Ozone can be detected by ozone sensors manufactured by some technically advanced organisations. A highly sensitive, portable, miniature and mobile ozone sensor has been developed by scientists to identify ozone in air, water, and near some gases that remain explosive by nature. The Fraunhofer Institute for Applied Solid State Physics, Germany has been working on a project for manufacturing such mobile ozone sensors. According to the Project Manager of the Institute Volker Cimalla, ozone is an agent with high application potential. Hence ozone sensors are important to detect it. If compact and affordable, such a sensor may have added advantage.


It is important to note that ozone is emitted mainly from some industries and transport sectors. During summers or in warm conditions emissions from industries and transport react with intense ultra violet radiations and form ozone near the ground. The laser printers and copiers employed in most of the offices emit greater volumes of ozone on ground level. Here, it is again important to note that ozone is a powerful oxidizing agent and can cause a wide range of symptoms in human beings that include irritation of mucus membranes in the buccal layers, throat and bronchial tubes; headaches, coughing, and even damage to lungs. It is due to above harmful effects that ozone content of air in any particular area should be measured and monitored regularly by trained and expert persons. For it, the ozone sensors are very important.


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Controversy around Himalayan Glaciers

>> Sunday, January 24, 2010

Himalaya is one of the most complex regions on earth. About 80 per cent glaciers of this region have been reported to be retreating. However, the conditions of these glaciers are affected by confusing local variations and some reports reveal that some glaciers including that of the Karakoram are advancing. As for the glacial retreat in Himalyan region during the current global stress of climate change accelerated by global emissions of carbon, soot, methane and other pollutants is concerned, it can be considered on the basis of some facts collected through real researches. But, forecasting baselessly that Himalaya’s glaciers would disappear by 2035 is a matter of serious criticism and strongest comments. It is important here to remind that UN’s international panel on climate change in its “fourth assessment report in 2007” said that “glaciers in the Himalayas are receding faster than in any other part of the world and, if the present rate continues, the likelihood of their disappearing by the year 2035 and perhaps sooner is very high if the earth keeps warming at the current rate.”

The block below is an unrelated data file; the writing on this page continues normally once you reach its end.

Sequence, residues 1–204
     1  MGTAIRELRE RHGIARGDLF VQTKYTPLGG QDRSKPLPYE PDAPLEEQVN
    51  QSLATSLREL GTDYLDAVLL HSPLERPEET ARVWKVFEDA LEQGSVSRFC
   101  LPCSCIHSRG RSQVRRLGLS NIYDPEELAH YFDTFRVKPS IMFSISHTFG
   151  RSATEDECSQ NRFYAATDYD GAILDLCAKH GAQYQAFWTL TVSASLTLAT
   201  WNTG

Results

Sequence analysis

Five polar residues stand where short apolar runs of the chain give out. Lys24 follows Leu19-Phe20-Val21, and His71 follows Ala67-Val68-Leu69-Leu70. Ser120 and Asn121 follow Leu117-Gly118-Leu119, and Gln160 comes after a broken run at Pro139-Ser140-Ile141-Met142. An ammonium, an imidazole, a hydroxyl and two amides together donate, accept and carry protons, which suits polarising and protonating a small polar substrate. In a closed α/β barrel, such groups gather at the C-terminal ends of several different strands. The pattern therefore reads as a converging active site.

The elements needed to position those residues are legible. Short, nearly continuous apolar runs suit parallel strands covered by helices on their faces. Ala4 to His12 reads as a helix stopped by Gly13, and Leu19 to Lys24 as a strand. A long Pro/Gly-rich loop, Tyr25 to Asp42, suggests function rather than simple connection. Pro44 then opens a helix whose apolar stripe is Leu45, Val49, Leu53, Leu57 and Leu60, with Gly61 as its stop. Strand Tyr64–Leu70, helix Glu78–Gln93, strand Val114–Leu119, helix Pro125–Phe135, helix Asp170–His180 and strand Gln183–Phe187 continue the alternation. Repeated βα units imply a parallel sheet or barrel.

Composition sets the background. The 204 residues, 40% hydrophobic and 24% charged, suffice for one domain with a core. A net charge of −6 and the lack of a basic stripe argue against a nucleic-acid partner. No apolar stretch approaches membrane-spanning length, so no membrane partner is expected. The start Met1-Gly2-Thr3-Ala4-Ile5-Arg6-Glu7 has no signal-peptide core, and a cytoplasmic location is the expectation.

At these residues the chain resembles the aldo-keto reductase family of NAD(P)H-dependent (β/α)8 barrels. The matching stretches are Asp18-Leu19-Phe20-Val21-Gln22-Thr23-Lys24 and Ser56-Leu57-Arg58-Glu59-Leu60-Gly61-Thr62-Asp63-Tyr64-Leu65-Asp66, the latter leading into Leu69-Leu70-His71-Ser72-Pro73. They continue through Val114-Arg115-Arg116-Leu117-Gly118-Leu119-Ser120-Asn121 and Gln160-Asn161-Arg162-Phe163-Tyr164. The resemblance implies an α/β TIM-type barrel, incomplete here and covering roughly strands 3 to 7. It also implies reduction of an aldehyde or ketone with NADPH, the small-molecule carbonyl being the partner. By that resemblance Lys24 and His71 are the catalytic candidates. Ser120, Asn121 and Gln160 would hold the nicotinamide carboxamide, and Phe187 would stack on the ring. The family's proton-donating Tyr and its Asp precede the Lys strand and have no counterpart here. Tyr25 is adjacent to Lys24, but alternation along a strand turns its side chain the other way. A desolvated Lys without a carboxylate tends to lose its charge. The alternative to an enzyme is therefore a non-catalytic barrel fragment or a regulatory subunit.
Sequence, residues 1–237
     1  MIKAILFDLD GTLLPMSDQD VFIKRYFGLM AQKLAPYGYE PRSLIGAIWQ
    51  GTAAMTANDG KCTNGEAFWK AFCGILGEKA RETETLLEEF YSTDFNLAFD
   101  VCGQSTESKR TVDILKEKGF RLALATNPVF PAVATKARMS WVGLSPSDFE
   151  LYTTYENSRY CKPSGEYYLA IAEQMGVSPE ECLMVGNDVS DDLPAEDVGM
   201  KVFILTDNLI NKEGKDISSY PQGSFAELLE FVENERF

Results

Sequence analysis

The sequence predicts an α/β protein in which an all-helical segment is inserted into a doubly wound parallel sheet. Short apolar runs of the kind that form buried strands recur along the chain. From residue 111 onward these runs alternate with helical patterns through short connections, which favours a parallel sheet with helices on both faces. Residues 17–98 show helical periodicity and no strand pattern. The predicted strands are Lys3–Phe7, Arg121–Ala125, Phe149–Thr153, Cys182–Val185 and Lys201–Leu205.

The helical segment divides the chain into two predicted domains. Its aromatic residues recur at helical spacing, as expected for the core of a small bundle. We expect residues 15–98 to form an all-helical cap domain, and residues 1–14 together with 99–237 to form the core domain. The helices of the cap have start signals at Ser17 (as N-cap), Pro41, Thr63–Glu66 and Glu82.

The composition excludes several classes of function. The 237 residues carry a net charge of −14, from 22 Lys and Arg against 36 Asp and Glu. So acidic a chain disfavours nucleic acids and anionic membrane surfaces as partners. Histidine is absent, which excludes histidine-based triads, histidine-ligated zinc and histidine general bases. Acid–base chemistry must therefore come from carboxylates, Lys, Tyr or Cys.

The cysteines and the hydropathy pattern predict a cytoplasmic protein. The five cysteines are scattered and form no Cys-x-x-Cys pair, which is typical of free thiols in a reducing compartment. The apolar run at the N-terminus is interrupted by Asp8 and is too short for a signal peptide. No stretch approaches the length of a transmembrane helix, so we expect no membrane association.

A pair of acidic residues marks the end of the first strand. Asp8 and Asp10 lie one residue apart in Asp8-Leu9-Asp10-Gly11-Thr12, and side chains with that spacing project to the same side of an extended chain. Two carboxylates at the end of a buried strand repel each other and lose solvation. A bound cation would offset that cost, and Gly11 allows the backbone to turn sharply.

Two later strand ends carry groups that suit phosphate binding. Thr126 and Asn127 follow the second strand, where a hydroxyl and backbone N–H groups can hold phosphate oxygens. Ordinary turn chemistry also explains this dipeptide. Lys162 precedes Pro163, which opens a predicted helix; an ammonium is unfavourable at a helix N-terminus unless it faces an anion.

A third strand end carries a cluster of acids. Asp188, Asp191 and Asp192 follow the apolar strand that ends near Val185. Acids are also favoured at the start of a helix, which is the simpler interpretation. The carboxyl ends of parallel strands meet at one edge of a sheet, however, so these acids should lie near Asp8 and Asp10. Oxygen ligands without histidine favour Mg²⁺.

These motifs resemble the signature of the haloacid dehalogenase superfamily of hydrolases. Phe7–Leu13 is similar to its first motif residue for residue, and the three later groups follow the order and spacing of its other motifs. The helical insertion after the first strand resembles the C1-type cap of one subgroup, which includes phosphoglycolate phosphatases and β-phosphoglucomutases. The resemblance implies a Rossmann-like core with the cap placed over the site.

Himalayan Glacier

source: UNEP

The retreat of Himalayan glaciers is felt deeply by all the nations sharing the area. But, there are many thousands of glaciers in Himalayas that are difficult and expensive to get to. These glaciers are located in three major weather systems and numerous types of microclimates. The striking feature is that, the countries in which these glaciers are located are not good neighbors and they don’t have any considerable record of scientific cooperation. Some glaciers lie in most sensitive security regions due to which these are inaccessible for scientists of other countries. Thus very little research could have been done so far about Himalayan glaciers. Hence, making big and strange forecasts that too with absolute certainty can not be understood by any one.


The countries sharing the Himalayan region are aware of the consequences of the climate change. They are aware of the resultant water and food crises and risks of disasters. They also know that water crisis resulted by receding glaciers has started threatening their energy supplies by disrupting the process of hydro power generation. The report of 80 per cent retreat of Himalyan glaciers has been produced by the Chinese Academy of Science. The out break of new pests and diseases has already been reported by farmers of Nepal. Another consequence feared to come up due to retreating glaciers relates to the river systems of India and Pakistan becoming seasonal in the near future. It is feared to make the monsoon erratic. Scientists predict that Yangtze and Yellow River may loose their volumes of water in near future.